Mirin had its birth more than 500 years ago as a thick, sweet drink. According to ancient Japanese texts, around the twelfth century, the Japanese began mixing cooked sweet glutinous rice with sake (rice wine) to enjoy as a festive drink. However, due to its high yeast and natural sugar content, this mirin-like beverage spoiled easily. In an effort to prolong shelf life, brewers in the warm southern islands began distilling this sweet rice-wine drink in the sixteenth century. The clear alcoholic concentrate that resulted, called shochu (literally, "fiery spirits") was about 80 proof and tasted somewhat like vodka. Shochu did not spoil in warm climates. Over the next few centuries, breweries in Japan's central region experimented by adding natural enzymes and sweet glutinous rice to the shochu. The mixture underwent long aging and purification, after which the thick, sweet liqueur was bottled, becoming one of Japan's most exclusive and expensive alcoholic beverages. (Although mirin's 14 percent alcohol content is similar to that of wine, it is more closely related to liqueur or brandy because it is distilled.) Later, as its seasoning virtues were discovered, mirin became a dominant flavor in the traditional art of kaiseki, Japan's highest form of cooking.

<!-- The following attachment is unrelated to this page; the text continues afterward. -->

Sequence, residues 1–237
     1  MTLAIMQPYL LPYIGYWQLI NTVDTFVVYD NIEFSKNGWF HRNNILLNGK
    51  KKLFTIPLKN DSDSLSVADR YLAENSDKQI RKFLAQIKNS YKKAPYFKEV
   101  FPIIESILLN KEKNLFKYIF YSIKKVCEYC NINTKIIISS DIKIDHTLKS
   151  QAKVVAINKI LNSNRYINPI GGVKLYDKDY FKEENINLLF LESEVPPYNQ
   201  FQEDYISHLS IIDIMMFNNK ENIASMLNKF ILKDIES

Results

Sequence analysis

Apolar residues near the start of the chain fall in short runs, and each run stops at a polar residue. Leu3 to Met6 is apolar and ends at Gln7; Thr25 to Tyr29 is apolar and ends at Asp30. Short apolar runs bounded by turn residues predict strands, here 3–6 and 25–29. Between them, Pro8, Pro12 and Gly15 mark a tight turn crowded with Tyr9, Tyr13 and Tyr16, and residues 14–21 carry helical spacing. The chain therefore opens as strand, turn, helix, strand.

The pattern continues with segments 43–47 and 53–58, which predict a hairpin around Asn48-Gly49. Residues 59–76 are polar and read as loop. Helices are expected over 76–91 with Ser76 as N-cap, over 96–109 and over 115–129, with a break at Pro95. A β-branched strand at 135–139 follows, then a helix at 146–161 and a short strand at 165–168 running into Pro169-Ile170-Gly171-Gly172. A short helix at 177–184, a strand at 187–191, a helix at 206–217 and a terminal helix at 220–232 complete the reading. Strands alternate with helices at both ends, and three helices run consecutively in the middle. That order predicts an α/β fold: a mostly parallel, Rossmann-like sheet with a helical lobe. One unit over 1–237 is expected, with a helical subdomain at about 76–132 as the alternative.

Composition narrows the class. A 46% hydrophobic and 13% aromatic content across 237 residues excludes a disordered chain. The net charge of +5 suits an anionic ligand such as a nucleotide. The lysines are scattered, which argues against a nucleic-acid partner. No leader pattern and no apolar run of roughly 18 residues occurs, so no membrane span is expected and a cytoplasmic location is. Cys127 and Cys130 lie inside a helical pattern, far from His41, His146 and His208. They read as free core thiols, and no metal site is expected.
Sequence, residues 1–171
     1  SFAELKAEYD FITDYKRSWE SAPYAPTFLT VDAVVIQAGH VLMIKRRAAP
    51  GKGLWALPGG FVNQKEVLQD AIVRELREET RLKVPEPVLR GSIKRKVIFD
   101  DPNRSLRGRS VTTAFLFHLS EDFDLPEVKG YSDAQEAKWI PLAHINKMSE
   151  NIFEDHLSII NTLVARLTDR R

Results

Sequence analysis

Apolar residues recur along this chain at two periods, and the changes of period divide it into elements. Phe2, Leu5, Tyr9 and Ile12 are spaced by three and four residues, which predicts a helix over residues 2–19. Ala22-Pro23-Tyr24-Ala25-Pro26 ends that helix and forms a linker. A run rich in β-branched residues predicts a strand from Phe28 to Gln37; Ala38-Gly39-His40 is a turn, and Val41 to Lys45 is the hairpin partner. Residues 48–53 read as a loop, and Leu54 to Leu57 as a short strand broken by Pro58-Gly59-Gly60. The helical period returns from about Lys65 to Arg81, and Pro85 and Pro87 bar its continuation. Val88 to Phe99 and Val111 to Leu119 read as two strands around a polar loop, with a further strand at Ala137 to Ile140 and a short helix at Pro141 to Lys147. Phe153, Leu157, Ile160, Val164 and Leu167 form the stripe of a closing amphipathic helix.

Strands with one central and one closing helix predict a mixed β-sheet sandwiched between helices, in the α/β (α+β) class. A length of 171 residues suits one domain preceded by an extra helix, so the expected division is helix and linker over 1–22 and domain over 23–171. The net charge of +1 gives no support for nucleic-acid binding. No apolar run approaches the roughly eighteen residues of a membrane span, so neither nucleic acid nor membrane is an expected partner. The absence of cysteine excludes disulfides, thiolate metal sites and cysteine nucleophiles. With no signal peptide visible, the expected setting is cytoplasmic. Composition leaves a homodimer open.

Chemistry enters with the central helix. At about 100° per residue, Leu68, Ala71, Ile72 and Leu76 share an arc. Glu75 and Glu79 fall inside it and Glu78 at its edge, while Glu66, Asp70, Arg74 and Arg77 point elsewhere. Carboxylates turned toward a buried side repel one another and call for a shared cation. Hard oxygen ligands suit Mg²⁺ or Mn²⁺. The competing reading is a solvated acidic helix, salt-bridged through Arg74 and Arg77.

By the 1940s production of mirin was a thriving industry with over 200 producers, however, the processing of mirin did not survive the rice shortages of World War II or the post-war 76 percent liquor tax. As reported in the Asahi Shimbun, Japan's leading daily newspaper, by 1959, the Sumiya family business was the only company in Japan using the traditional methods of mirin brewing. Sumiya Bunjiro Shoten was sole keeper of the flame until recently, when a handful of companies began the production of authentic mirin.